Social Security Cares 101
Providing Paid Family Leave Through Social Security
SOURCE: AP/John Froschauer
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What is the Family and Medical Leave Act?
The United States is the only developed country that does not require that workers have access to paid leave for the birth of a child or to care for a seriously ill family member. The Family and Medical Leave Act, which was enacted in 1993 and gives workers the right to job-protected unpaid leave, was the first national legislation to give workers time off to provide care.
This was a victory for working families, but FMLA still leaves significant gaps. To be eligible for FMLA, an employee must work in a company with more than 50 employees, work more than part time, and have worked in the company for more than a year. These exclusions mean that just over half of working Americans—and particularly low-wage workers who most need the assistance—are not able to benefit from family leave.
Social Security provides retirement assistance and disability benefits based on how much a worker has earned and paid into the system. When Social Security was created in 1934, most families had a stay at home caregiver—generally a woman. That is no longer the case. For the first time in our nation’s history, women are half of all U.S. workers, and mothers are the primary breadwinner or co-breadwinner in nearly two-thirds of American families. We need to change our system to reflect the realities of today’s workforce, while at the same time preserving Social Security’s ability to provide retirement benefits for future generations.
Social Security Cares
Social Security Cares addresses the fundamental way families have changed since Social Security was created: most families no longer have a stay-at-home caregiver. It would allow workers to access Social Security benefits to provide them with income when they need leave from work due to the birth of a child or a serious illness.
Nearly every worker would be covered since nearly every worker already pays into Social Security. Eligibility should be structured so that workers have a minimal commitment to the workforce—have paid into the Social Security system at some point, for example—but at the same time ensure that young and low-wage workers would be covered. Eligibility would be tied to lifetime earnings, not job tenure, and workers in any size business would be eligible.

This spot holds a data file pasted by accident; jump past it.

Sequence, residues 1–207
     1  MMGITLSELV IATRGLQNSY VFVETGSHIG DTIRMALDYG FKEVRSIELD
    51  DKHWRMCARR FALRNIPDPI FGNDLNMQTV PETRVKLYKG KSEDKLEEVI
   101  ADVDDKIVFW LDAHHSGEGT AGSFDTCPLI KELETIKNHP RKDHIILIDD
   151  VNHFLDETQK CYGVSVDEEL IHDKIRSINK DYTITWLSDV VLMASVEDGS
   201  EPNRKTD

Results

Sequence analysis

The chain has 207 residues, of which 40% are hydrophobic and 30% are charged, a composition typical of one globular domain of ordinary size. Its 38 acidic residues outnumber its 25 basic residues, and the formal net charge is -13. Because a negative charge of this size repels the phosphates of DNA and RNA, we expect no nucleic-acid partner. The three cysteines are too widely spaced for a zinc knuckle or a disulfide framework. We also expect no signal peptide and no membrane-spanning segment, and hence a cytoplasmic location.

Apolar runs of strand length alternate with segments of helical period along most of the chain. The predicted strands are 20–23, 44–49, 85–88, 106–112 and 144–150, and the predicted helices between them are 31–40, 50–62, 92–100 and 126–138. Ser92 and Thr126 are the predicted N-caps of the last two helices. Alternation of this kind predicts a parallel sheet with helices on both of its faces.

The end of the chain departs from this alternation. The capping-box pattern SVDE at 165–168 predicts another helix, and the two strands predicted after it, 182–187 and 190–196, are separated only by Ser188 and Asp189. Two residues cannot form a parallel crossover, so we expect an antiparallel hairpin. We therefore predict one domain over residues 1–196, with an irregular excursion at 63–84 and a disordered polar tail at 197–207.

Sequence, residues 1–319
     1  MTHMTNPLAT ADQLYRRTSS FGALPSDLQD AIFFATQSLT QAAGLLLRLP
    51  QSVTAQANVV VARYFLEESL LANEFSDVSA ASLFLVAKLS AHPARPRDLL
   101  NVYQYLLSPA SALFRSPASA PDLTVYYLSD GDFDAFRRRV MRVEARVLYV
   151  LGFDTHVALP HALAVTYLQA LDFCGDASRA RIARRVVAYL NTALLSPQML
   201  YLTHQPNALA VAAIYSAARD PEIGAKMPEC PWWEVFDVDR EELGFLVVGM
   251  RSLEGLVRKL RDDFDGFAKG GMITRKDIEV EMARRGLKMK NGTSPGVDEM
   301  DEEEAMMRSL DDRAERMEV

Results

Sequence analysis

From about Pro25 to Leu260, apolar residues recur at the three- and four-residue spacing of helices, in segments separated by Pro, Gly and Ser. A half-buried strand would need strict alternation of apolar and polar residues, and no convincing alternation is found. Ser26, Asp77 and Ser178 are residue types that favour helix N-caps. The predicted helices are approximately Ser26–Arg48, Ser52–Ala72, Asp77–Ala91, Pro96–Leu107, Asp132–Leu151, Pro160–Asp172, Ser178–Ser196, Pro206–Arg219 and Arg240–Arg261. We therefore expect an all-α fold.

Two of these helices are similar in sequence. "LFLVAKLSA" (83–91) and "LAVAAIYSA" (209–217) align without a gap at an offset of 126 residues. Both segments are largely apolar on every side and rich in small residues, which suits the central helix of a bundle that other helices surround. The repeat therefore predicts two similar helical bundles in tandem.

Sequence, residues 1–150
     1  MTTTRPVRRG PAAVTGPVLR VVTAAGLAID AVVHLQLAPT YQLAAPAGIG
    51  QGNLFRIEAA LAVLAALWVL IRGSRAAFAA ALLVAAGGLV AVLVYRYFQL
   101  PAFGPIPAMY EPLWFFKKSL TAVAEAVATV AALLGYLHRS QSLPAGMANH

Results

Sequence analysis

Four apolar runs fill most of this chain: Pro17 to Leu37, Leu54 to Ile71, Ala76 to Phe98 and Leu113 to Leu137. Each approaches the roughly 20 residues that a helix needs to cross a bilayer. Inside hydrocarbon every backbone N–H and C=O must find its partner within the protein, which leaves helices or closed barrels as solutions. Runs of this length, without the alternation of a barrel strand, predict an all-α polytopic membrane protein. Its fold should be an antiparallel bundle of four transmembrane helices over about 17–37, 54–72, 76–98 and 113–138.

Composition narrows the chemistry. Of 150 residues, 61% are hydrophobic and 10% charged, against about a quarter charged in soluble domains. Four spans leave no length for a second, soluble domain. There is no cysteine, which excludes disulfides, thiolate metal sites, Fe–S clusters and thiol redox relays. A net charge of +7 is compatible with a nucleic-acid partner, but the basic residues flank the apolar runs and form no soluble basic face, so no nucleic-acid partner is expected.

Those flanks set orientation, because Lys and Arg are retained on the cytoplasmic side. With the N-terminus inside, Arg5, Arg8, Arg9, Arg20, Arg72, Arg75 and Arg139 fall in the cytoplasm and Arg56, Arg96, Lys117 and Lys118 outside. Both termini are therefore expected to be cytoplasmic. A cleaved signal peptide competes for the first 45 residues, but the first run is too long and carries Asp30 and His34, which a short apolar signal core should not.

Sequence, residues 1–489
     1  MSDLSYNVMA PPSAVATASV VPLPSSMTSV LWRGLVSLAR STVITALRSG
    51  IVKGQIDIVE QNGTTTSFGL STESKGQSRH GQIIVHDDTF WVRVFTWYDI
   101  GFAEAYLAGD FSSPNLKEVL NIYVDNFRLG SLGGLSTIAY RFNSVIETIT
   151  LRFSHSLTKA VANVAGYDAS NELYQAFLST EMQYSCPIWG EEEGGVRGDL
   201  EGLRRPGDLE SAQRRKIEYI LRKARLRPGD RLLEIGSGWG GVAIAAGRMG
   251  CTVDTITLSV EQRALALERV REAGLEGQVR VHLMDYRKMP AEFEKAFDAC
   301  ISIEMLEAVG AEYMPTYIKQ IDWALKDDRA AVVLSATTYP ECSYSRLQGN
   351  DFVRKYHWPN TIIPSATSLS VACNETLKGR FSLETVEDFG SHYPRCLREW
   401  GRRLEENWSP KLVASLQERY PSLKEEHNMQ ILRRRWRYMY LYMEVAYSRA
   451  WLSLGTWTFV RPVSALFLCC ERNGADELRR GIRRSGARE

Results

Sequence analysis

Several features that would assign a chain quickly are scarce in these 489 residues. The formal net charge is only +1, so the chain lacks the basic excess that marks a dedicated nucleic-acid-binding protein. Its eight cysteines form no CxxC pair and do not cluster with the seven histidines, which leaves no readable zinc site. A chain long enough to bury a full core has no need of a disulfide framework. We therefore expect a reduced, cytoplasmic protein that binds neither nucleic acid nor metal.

Allowing younger workers to access Social Security benefits other than disability payments before their retirement would create a broader coalition supporting the system by giving them immediate benefits. At the same time, older workers would benefit by having their younger family members able to care for them without sacrificing economic security.
Workers would be entitled to Social Security benefits for paid leave to cover the same life events that are covered by the FMLA—the birth or adoption of a child, the worker’s own serious illness, or to care for a seriously ill family member. Coverage would be provided for a maximum 12 weeks per year, the same amount of time as is covered under FMLA.
Research shows that women with access to paid maternity leave are more likely to return to work after they have a child. And workers who have time off for a serious illness recover quicker, as do ill family members who have the care of a loved one.
Only workers who are currently covered under FMLA would have job protection during their leave. Workers in small businesses not covered by FMLA, part-time workers, and those who have not been with their employer for a year would be eligible for Social Security Cares benefits, but would not receive the job protections under FMLA.
Extending FMLA to provide job protection for part-time workers, workers in businesses with fewer than 50 employers, and domestic partners would need to be done through separate legislation.
Ensuring retirement security into the future
Social Security’s ability to continue to provide retirement benefits for future generations is critically important, but paid family leave benefits could be added to the system without sacrificing its solvency. Because it would build off of existing infrastructure, Social Security Cares will not add significant expenses to the system. In fact, Social Security Cares could strengthen the Social Security system by increasing the labor supply of mothers, workers with health problems, and workers who need to care for those with chronic or serious health problems, thus adding tax revenues to the system overall.
The most common reason workers borrow from their 401(k) retirement savings is to cope with a medical issue. Social Security Cares would give Americans access to income to provide care during their working years without sacrificing their economic security.
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